Dear Malvern Community,
I am writing to you today, motivated by the words of St. Augustine: “Since you cannot do good to all, you are to pay special attention to those who, by the accidents of time, or place, or circumstances, are brought into closer connection with you.”
My life began in the wake of World War II. In my youth, I was made aware of the horrors of war and its aftermath. The “Greatest Generation” did not easily share the burden they carried with them when they returned home from war. What they saw, what made an indelible mark on their souls, did not have a vocabulary. Even in the company of fellow soldiers, the unspeakable was a silent language only they understood. Yet, I learned an unforgettable phrase from those who fought, died, and were forever changed by the evils of the Holocaust, which gave voice to their experience: “Never again!”
Today, I am shaken by the simmering, scapegoating sentiments reminiscent of what fueled the mid-20th Century massacre of humanity. I say “shaken” because history seems to be repeating itself. Being a bystander cost lives then, it has now, and unless we stem the tide, it, unfortunately, will again. The experiences I witnessed in my youth taught me a lesson I am still learning - “I notice and I respond.”
The Jewish Community lost eleven of its members in a synagogue in Pittsburgh, PA this past week. We lost eleven members of our Faith Community. The Christian Community believes that the Jewish People were the first to hear the Word of God. Judaism and Christianity are part of one spiritual family. Without Judaism, Christianity’s cherished legacy and inheritance would not include Jesus, the Eucharist, or the New Testament.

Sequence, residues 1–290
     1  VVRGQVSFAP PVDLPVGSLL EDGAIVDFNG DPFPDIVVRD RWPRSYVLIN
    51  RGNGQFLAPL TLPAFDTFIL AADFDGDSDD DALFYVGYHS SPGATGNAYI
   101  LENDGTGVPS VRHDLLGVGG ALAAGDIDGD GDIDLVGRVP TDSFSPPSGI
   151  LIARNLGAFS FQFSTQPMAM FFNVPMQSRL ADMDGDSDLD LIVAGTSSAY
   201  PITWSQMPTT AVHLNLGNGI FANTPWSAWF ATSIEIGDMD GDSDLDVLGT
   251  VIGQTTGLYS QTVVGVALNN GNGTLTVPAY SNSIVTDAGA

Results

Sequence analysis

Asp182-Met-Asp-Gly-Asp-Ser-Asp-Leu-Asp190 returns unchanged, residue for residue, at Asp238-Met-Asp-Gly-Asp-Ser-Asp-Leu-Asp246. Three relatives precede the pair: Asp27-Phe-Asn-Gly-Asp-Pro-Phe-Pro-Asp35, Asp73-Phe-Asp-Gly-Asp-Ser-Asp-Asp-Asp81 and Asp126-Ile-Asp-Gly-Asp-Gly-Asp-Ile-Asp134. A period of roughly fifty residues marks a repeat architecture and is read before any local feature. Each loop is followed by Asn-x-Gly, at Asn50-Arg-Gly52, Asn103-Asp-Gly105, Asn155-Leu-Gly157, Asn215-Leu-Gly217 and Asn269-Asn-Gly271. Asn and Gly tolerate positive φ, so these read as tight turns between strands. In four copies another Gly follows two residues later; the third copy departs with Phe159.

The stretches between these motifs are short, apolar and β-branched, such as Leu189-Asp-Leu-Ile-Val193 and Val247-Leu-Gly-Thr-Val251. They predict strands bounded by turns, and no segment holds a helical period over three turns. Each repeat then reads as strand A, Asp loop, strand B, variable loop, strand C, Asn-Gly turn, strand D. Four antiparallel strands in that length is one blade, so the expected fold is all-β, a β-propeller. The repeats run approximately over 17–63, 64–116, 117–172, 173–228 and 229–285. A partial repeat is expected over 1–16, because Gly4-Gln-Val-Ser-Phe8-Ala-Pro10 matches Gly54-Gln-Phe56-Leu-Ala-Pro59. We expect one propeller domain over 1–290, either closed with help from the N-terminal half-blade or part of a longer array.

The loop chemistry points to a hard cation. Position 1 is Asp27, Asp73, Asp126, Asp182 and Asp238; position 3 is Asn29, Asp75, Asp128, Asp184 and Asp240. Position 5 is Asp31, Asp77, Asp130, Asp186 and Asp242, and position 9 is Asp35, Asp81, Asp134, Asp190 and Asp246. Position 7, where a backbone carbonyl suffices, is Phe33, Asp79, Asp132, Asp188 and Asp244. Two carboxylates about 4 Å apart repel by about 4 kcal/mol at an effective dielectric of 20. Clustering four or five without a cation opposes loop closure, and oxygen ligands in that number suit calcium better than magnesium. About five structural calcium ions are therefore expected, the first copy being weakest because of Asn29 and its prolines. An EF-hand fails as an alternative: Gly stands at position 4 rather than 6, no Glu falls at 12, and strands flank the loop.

Just days prior to the synagogue massacre, a man in Kentucky fatally shot two innocent African Americans at a grocery store, after having tried to enter a Black Church. The Church was empty and locked at the time.
While I am saddened for our young people that despite the efforts of generations before them, our country continues to struggle with religious and ethnic hatred, I draw strength in knowing that our Malvern Family strives to live its Core Values of Truth, Unity, and Love every day. Let us say to one another and to all, we find no haven in hatred. We celebrate each others’ differences, and we welcome all to “A Place at the Table.”
Let us pray for those families who mourn the death of their loved ones. Let us resolve as a community to see and love in others, as difficult as it may be at times, what God sees and loves in us, His beloved creation.
Rev. Donald F. Reilly, O.S.A., D. Min.